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New iOS hack yields in-app freebies

A new exploit gives users free access to digital content within iOS apps, content that normally costs money.

Josh Lowensohn Former Senior Writer
Josh Lowensohn joined CNET in 2006 and now covers Apple. Before that, Josh wrote about everything from new Web start-ups, to remote-controlled robots that watch your house. Prior to joining CNET, Josh covered breaking video game news, as well as reviewing game software. His current console favorite is the Xbox 360.
Josh Lowensohn
2 min read
Apple's in-app purchase dialog.
Apple's in-app purchase dialog. Apple

A new exploit aimed at iOS devices enables users to gain free access to paid content within applications, thereby circumventing built-in security measures.

The hack, which was detailed by a Russian programmer and picked up by 9to5mac this morning (via i-ekb.ru), uses a proxy system to send purchase requests to third-party servers where they are validated and sent back to the application as if the transaction had gone through. However before that happens, users need to install special security certificates on their device, as well as be on a Wi-Fi network.

The individual behind the effort has already created a Web site set up for donations to run the proxy servers, which are required to make the trick work.

The loophole goes beyond apps, and covers other types of content that phone home to Apple for verification. That includes Newsstand, the company's digital newspaper service, which typically offers things like newspapers and magazines for free, with in-app purchases to buy subscriptions, or individual issues.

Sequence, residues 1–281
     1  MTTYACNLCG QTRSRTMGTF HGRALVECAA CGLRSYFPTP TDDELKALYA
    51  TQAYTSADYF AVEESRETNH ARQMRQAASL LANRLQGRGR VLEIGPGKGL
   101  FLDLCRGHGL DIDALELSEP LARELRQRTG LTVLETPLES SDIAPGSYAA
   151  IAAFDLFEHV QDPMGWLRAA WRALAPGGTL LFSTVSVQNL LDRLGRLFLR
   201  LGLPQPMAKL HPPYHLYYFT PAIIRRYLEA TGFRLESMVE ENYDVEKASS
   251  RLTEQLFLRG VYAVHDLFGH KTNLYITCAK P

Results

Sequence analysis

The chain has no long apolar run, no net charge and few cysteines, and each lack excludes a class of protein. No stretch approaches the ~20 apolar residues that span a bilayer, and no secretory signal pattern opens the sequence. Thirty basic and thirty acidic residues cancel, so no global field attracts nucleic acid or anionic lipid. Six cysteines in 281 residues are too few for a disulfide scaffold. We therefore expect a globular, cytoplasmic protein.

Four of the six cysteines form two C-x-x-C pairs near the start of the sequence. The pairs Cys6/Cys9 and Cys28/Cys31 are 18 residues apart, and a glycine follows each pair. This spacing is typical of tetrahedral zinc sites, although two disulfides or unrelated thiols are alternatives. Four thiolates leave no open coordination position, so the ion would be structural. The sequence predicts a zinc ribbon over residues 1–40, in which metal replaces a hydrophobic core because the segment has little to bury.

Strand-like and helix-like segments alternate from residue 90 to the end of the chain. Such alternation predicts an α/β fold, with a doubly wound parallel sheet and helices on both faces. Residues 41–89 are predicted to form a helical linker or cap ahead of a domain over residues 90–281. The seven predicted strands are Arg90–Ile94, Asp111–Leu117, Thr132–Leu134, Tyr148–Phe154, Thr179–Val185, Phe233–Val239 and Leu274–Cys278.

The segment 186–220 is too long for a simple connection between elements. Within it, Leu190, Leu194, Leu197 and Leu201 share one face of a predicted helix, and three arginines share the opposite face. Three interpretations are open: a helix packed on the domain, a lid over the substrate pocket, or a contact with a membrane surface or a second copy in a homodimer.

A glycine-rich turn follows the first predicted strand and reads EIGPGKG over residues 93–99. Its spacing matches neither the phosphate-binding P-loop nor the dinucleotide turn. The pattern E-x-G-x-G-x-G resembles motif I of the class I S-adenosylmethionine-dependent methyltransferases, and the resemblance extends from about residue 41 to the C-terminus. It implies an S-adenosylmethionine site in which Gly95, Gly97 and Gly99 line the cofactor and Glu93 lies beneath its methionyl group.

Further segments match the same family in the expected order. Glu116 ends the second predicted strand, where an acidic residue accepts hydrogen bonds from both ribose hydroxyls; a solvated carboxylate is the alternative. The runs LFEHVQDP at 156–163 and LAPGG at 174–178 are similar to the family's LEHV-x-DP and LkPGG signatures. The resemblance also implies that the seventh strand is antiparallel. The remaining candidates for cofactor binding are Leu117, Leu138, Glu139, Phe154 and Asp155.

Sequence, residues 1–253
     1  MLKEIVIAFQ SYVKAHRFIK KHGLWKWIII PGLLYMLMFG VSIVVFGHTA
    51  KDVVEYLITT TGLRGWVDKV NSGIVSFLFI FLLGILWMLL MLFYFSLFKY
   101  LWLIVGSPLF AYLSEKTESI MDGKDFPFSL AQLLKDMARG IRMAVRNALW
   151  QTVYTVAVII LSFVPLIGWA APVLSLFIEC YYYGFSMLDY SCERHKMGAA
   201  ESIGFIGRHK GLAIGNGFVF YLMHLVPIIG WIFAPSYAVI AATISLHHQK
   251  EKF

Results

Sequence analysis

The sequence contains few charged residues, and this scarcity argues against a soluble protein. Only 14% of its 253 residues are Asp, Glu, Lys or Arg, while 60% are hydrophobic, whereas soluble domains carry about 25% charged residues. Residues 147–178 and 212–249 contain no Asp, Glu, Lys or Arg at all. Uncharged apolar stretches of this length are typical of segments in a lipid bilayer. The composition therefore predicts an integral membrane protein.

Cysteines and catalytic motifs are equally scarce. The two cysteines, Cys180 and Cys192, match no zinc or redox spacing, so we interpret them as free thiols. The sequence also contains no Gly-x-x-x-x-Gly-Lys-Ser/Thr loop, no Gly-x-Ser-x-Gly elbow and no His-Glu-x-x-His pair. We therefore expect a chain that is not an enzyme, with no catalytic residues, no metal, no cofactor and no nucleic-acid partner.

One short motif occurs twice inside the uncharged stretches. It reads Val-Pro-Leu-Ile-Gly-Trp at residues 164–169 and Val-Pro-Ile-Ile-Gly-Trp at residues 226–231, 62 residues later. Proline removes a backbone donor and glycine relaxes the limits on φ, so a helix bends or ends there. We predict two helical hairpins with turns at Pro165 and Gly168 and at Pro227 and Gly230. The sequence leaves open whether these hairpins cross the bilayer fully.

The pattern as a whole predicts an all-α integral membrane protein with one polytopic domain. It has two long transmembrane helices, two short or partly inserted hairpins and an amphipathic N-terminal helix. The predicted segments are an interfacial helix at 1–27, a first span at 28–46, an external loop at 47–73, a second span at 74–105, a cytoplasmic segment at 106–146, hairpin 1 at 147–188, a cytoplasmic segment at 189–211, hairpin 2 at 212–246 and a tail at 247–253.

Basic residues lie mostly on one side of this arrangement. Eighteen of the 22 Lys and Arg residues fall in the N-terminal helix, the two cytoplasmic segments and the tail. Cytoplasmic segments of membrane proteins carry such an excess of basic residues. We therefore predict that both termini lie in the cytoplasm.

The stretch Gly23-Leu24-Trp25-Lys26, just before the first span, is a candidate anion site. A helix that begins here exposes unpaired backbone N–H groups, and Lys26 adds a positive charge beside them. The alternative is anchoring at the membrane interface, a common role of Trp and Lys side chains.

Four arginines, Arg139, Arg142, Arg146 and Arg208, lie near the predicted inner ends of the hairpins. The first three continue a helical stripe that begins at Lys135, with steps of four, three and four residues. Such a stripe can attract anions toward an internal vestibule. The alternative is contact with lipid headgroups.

Of note, the demonstration of the hack (which is embedded below) depicts the feature working on a beta version iOS 6, which is due out later this year. Its creators claim it works all the way back to iOS 3, which is when in-app purchasing was first added.

CNET has contacted Apple about the exploit, and will update this post when we hear back.

Apple introduced in-app purchasing in early 2009, and later that year enabled the feature to work inside of free applications. The feature was designed to add an extra revenue stream for developers, as well as simplify the process of publishing apps so that additional paid features could be added even after a piece of software was released. Like app purchases themselves, digital items purchased from within apps carry a revenue split that gives developers 70 percent of the proceeds, while Apple takes the other 30 percent.

Update at 10:30 a.m. PT: Over at CNET sister site ZDNet, Emil Protalinski points to a verification tool developers can enable, which adds a secondary check of the purchase against Apple's own servers:

Your application should perform the additional step of verifying that the receipt you received from Store Kit came from Apple. This is particularly important when your application relies on a separate server to provide subscriptions, services, or downloadable content. Verifying receipts on your server ensures that requests from your application are valid.

Update at 12:40 p.m. PT: The Next Web speaks with Alexey V. Borodin, the creator of the exploit. Borodin says that the way he set it up actually goes around Apple's receipt verification process, suggesting developers with that feature enabled are unsafe from those who are using it. The programmer added that more than 30,000 in-app purchases have been made using the service, which at this time is still up and running.

Video of the exploit in action below: